Coalition party leaders in Germany have reached a breakthrough in talks to form a new government, according to Reuters who cited party sources.
Germany’s Chancellor Angela Merkel entered into talks with a rival party earlier this week in a last-ditch effort to form a coalition government. This after months of political uncertainty and deadlock in the euro zone’s largest economy.
Merkel, the head of a conservative alliance made up of the Christian Democratic Union (CDU) and its Bavarian sister-party the Christian Social Union (CSU), met with Martin Schulz, the head of the Social Democratic Party (SPD), for preliminary talks.
The SPD had previously refused to enter into another coalition government given that its voters punished it in the last election for its previous alliance. But after coalition talks between Merkel and two other parties failed to find an agreement, the SPD has changed its stance.
Merkel sounded optimistic ahead of the talks, commenting last Sunday that she believed an agreement “can be done,” but the SPD’s Schulz vowed to extract concessions from the CDU/CSU on many of its key policies.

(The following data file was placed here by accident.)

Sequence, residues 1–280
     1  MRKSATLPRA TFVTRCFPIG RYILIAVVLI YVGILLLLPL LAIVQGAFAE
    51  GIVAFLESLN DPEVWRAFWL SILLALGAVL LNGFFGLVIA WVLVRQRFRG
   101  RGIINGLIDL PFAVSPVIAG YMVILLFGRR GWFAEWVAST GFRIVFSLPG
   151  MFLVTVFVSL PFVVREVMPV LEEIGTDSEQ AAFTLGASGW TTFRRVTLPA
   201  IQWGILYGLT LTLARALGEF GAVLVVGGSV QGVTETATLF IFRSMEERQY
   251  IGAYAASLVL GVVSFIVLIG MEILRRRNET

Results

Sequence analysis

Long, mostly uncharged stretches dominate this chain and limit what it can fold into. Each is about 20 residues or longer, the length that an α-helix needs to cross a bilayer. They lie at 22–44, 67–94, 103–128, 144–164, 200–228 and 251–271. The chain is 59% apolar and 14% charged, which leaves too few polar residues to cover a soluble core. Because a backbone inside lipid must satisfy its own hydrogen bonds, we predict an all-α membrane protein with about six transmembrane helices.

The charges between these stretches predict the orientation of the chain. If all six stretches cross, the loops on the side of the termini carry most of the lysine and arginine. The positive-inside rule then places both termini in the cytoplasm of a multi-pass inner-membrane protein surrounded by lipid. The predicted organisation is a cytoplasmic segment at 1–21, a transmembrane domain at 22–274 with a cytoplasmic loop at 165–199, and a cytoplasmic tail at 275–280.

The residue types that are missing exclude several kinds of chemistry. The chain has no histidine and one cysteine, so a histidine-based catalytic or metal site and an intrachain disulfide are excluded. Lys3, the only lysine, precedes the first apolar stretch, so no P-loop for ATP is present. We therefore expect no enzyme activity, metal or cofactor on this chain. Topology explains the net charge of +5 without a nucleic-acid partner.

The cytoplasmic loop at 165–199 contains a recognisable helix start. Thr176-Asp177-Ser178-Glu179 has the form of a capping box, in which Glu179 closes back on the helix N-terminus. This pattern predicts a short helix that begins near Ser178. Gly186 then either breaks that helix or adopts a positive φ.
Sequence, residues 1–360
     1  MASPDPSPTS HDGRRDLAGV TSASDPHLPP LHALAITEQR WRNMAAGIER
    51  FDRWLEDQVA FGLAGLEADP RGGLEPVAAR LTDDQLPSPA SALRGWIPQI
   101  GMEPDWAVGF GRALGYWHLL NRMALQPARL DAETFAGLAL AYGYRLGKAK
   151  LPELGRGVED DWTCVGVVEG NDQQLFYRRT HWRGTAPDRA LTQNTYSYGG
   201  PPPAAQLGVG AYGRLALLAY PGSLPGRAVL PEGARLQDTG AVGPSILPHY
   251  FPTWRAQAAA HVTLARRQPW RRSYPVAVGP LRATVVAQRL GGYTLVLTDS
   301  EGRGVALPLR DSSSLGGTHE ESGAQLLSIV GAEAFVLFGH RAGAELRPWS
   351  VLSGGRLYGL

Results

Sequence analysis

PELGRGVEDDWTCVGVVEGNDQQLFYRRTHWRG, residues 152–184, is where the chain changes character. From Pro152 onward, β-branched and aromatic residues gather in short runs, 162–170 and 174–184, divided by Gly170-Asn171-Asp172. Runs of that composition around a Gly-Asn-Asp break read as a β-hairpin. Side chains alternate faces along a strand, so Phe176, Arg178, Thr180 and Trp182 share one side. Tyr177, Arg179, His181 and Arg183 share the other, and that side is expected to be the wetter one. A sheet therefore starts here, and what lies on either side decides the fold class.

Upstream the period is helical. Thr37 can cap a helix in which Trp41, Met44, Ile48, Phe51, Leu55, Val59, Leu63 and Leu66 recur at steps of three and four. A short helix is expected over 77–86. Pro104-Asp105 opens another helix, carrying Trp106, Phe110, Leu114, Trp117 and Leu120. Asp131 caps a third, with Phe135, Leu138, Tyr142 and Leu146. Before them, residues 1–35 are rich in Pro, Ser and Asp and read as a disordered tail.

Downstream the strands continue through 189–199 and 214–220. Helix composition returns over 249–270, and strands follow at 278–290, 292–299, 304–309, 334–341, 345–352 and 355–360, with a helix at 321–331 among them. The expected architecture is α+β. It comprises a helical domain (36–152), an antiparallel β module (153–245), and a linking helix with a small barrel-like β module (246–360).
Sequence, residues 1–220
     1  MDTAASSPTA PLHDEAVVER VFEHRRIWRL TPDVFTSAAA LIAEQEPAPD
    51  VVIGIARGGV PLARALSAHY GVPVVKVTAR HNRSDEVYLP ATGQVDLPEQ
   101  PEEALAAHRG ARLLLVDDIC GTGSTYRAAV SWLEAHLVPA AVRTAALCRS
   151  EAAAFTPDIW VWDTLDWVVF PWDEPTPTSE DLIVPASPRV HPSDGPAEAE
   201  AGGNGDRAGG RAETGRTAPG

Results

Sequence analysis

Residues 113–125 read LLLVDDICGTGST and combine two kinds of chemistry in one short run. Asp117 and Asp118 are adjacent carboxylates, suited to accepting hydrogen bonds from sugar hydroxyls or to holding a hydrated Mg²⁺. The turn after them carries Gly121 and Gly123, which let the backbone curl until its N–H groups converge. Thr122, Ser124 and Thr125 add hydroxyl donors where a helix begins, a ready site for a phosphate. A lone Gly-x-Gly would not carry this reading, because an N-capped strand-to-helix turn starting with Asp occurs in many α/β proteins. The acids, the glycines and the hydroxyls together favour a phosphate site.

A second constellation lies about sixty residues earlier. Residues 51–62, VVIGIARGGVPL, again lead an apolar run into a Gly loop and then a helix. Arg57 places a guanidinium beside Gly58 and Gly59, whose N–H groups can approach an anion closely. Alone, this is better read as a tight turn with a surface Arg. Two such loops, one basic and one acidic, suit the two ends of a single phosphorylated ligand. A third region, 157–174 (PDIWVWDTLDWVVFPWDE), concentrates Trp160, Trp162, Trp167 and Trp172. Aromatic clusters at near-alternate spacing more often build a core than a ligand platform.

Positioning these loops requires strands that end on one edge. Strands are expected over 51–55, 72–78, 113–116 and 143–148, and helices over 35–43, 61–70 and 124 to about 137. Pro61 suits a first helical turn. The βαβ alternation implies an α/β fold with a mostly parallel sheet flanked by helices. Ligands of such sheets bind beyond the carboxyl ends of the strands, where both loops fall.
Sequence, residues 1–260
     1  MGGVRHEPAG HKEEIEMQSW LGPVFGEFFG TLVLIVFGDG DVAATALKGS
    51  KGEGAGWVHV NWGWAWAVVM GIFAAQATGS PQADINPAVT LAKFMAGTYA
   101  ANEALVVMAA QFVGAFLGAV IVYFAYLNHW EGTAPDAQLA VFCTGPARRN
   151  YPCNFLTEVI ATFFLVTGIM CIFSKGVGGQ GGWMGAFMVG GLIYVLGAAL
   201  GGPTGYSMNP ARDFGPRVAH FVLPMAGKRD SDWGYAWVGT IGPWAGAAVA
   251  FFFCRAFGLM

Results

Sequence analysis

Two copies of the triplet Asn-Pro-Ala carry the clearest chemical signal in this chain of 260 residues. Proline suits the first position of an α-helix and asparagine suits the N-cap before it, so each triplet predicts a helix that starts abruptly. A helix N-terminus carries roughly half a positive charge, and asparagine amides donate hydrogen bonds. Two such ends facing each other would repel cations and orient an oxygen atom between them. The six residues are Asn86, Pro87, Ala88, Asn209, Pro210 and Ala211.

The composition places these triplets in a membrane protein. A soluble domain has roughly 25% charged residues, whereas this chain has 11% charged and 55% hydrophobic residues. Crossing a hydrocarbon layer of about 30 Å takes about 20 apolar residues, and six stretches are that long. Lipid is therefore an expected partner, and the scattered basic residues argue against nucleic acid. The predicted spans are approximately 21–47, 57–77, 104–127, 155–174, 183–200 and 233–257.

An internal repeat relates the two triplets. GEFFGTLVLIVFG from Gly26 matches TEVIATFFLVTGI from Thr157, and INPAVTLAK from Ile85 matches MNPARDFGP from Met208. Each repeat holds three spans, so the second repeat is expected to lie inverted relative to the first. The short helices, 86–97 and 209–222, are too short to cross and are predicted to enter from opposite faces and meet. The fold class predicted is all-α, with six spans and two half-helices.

If the parties do find enough common ground this week to proceed, the SPD must then get backing for the deal from its members at the party’s congress later in January. If that succeeds, then the parties will proceed to full-blown coalition talks.
At best, a government could be sworn in late March or early April, according to some experts.
Talks between Germany’s political parties have taken place since an election last September failed to produce an overall majority for any party, although coalition governments are common in Germany.
The latest talks come after months of failed negotiations between Merkel’s conservative alliance and smaller parties, the Greens and pro-business Free Democrats, failed to form a coalition government.
The stakes for the latest talks are high given the changing political landscape in Germany, however. The election in September saw the far-right Alternative for Germany (AfD) become the country’s third largest party and enter the German Bundestag for the first time, unsettling the political establishment and many voters.
The center-left SPD has been reluctant to re-enter a coalition with Merkel’s conservative bloc as its previous alliance seems to have put voters off with the party garnering just 20 percent of the vote in the September election, its worst result since World War II.
German coalition party leaders reportedly reach breakthrough in talks to form a government